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I have 16-bit per pixel grayscale BufferedImage created from an array of shorts:

 private BufferedImage get16bitImage(short[] pixels) {
    ColorModel colorModel = new ComponentColorModel(
            ColorSpace.getInstance(ColorSpace.CS_GRAY),
            new int[]{16},
            false,
            false,
            Transparency.OPAQUE,
            DataBuffer.TYPE_USHORT);
    DataBufferUShort db = new DataBufferUShort(pixels, pixels.length);
    WritableRaster raster = Raster.createInterleavedRaster(
            db,
            imgD.width,
            imgD.height,
            imgD.width,
            1,
            new int[1],
            null);
    return new BufferedImage(colorModel, raster, false, null);
}

When trying to save it:

  ImageIO.write(img, "PNG", new File(resultImgNamePNG)); // works fine
  ImageIO.write(img, "BMP", new File(resultImgNameBMP)); // doesn't work, returns false
  ImageIO.write(img, "JPEG", new File(resultImgNameJPEG)); // doesnt work, returns false

I tried using JAI:

public void writeImageToJPEG(File out, BufferedImage image, float quality) throws IOException {
    JPEGEncodeParam param = new JPEGEncodeParam();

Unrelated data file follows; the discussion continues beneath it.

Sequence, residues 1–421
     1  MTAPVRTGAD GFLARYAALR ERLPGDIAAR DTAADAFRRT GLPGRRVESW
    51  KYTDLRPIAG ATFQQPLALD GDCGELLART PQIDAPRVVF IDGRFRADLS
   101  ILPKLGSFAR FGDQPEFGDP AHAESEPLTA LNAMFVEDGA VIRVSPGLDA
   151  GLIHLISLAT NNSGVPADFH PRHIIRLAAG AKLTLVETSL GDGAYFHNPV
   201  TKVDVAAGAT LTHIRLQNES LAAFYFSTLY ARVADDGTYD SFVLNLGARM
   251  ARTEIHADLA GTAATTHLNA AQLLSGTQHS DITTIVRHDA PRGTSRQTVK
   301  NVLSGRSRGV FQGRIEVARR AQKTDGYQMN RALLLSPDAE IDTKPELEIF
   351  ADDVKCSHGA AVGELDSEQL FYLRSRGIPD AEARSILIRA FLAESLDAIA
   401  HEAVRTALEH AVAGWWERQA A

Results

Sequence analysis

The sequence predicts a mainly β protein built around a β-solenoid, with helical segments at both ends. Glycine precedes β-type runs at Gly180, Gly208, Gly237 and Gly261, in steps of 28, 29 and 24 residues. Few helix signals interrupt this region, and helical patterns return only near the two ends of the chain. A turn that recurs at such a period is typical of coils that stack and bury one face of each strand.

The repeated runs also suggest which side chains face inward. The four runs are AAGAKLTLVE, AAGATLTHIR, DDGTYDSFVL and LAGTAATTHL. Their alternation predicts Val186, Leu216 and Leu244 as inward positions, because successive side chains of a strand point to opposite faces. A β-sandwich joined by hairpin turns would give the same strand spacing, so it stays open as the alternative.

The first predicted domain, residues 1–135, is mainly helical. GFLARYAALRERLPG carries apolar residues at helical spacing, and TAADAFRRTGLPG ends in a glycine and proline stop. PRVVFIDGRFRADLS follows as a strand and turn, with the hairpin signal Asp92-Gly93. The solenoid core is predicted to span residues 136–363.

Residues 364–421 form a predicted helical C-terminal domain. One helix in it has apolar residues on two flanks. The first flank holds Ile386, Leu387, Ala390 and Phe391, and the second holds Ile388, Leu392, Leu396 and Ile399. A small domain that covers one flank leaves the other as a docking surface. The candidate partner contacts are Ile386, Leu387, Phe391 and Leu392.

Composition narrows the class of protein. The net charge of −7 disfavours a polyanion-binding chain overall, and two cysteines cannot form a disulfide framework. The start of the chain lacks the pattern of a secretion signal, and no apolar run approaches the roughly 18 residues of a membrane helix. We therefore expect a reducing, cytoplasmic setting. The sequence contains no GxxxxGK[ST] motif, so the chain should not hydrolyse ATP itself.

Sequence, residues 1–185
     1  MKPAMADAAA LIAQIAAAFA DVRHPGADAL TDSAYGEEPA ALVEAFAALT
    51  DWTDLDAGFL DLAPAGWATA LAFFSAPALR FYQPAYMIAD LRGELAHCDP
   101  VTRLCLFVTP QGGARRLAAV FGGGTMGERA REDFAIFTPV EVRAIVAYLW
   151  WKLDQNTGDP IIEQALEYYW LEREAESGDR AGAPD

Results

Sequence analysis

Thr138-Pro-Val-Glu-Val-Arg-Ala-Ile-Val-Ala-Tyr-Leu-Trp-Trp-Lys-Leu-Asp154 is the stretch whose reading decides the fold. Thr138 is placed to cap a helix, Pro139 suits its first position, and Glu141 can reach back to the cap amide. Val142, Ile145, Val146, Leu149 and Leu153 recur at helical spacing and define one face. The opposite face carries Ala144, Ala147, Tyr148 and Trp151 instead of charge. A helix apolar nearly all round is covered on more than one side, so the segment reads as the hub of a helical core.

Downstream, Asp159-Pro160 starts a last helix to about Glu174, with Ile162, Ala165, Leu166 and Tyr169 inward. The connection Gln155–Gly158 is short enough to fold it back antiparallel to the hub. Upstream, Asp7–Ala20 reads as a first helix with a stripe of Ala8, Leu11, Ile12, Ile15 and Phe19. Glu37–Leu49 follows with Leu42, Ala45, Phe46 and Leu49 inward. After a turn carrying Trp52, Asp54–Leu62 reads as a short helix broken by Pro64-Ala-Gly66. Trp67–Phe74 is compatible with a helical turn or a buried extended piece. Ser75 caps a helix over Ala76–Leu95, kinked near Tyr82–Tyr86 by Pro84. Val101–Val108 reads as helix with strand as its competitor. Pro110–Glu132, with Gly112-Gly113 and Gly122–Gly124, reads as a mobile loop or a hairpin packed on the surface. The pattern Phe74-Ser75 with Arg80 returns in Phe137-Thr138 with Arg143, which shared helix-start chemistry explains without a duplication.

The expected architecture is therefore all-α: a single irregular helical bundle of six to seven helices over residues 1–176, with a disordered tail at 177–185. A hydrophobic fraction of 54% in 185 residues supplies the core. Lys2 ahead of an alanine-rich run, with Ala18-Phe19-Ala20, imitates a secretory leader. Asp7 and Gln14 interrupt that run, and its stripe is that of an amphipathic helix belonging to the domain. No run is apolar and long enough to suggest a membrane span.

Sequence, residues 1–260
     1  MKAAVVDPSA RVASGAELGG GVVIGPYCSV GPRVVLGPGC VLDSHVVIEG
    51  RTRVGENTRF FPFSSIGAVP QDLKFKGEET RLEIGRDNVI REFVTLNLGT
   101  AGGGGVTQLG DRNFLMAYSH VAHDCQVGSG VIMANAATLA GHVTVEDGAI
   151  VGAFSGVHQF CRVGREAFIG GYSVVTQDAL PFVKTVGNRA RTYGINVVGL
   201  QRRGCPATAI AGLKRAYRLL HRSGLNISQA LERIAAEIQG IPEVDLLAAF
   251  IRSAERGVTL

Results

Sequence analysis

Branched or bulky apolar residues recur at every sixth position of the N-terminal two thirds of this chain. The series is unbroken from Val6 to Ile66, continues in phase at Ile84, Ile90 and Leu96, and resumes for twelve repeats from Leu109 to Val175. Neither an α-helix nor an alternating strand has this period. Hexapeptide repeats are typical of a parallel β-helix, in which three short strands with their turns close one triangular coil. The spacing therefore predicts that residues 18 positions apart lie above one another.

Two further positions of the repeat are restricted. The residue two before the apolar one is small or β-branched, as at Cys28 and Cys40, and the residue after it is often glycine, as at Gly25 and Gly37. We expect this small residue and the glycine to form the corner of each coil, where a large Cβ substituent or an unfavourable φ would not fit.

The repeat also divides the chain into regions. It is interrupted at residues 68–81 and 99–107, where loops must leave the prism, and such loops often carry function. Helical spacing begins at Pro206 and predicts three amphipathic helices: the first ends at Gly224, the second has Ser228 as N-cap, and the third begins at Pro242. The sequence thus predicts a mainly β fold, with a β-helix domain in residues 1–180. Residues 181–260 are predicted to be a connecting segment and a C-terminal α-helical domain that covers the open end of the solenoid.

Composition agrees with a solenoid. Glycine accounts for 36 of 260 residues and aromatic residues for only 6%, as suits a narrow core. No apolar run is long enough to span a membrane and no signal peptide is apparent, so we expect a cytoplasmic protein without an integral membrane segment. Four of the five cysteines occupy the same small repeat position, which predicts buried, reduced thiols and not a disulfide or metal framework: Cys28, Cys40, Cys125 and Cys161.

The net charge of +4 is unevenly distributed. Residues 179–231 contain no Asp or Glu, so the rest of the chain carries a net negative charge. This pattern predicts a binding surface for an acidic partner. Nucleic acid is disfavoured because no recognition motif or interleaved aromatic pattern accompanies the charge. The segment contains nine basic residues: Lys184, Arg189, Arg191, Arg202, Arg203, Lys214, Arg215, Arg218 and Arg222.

param.setQuality(quality);
    ImageEncoder encoder = ImageCodec.createImageEncoder("JPEG", new FileOutputStream(out), param);

    encoder.encode(image);
}

encoder.encode(image) throws java.lang.RuntimeException: Only 1, or 3-band byte data may be written.

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1 Answer 1

I think you have to convert it to 8-bit first. If this is used for display purposes, java converts it to 8-bit bit before display anyways.

You can do something that I've seen sometimes actually improve the displayed image which is doing non-linear scaling of the values (using a log scale for example) such detail depends on the image you are generating ofcourse.

More on such effect here: http://www.java.net/external?url=http://www.cs.unm.edu/~brayer/vision/perception.html

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